MSG: The Melbourne Social Guide

Helping you add flavour to this wonderful city.

Ramen Battle – The Final

with 14 comments

Welcome back gentle reader, and apologies for the delay between this post and the last once again. It seems time has been getting the better of me lately. I’m sure I don’t need to spend a great deal of time introducing this post, particularly if you’ve been following the ramen battle going on on this blog in the past few weeks. If you haven’t, checked out the introduction here, Heat 1 here (won by Ajisen Ramen)and Heat 2 here (won by Ramen Ya). That’ll bring you up to speed.

So as noted, the winners of the two heats were:

1. Ajisen Ramen, in an upset, and since highly contested win over highly vaunted Momotaro.

2. Ramen Ya, in a comfortable victory over some fairly decent opposition.

Although this is mentioned in the introductory post, I shall copy & paste it here for you information. Here are the more rigorous scoring guidelines for our Final battle:

Finals competitors will be scored on:

  • Broth: Is the broth mouth-watering? Does it make me want to drink the entire bowl? Does it make me want to jump into it and do laps?
  • Noodles: Are the noodles too soft? Too rubbery? Do they break apart easily?
  • Filling: Is there too much of one particular vegetable or not enough meat? Is the produce of a low quality?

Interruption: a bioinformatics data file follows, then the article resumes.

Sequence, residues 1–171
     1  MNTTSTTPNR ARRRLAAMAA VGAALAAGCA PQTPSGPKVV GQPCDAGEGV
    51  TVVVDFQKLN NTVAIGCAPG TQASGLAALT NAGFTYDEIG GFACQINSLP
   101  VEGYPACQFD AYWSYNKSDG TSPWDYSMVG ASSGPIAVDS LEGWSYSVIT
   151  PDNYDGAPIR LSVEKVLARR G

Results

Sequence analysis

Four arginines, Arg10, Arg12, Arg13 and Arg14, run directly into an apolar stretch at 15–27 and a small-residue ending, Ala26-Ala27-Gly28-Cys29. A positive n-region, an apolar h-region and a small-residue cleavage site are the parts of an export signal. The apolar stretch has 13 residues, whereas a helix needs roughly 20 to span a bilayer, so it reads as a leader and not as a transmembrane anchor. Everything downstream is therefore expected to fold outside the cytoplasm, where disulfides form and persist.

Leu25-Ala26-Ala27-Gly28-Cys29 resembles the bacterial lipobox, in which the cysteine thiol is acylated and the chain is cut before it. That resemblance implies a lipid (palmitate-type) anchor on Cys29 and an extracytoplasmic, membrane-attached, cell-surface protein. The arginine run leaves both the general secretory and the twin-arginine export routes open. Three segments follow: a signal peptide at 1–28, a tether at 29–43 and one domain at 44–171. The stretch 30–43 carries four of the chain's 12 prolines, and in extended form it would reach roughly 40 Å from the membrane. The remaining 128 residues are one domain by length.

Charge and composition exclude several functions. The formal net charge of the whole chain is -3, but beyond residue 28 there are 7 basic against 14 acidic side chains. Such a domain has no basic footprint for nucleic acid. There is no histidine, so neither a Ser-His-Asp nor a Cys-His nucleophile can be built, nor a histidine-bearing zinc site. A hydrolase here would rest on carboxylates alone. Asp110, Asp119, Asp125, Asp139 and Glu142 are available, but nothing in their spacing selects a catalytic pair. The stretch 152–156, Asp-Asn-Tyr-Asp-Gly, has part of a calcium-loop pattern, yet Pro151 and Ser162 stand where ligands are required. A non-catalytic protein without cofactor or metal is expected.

• Authenticity: How authentic is it to the particular type of ramen they are trying to execute? Is this the real tonkotsu? is this a well-crafted miso?
  • Everything Else: As above
  • Overall: Final Score

We also had a guest judge, our good friend Shu Qi, along with us for our taste tests to add an extra palate to our battle. And here are the results.

Ajisen Ramen

130 Bourke St
Melbourne VIC 3000
(03) 9662 1100
urbanspoon
foursquare
Ajisen  Ramen on Urbanspoon

Our return to Ajisen Ramen was not without controversy. Those that have been following the previous heats may have noticed that the decision to have Ajisen win Heat 1 was contested hotly in the comments. Our good friend Billy from Half-Eaten was particularly passionate about his hatred of Ajisen. Our position was defended by asserting supremacy over Momotaro, and I won’t harp on about it, read the post on that Heat for more info.

So bruised & battered, Ajisen headed into the final round very much the underdog. Could it pull off another stunning upset in the face of its detractors? Or would it be left runner-up, in the dust of ramen mediocrity? We shall soon found out.

Shu Qi – Char Grilled Beef Ramen:


Authenticity: 5.5.

Broth: 6. Tastes comforting after a massive day

Noodles: 4. Look more like angel hair pasta than ramen.

Fillings: 8. The beef is tender, and cooked at medium-rare as requested. (Alex: I tried Shu Qi’s beef and was also impressed with it, while char-grilled beef is not an authentic filling for ramen usually it tasted pretty awesome & they weren’t stingy with it either)

Everything Else: 6.5. Rock music playing, waiters look like part-time students.

Overall: 6.

Jess – Volcano Ramen: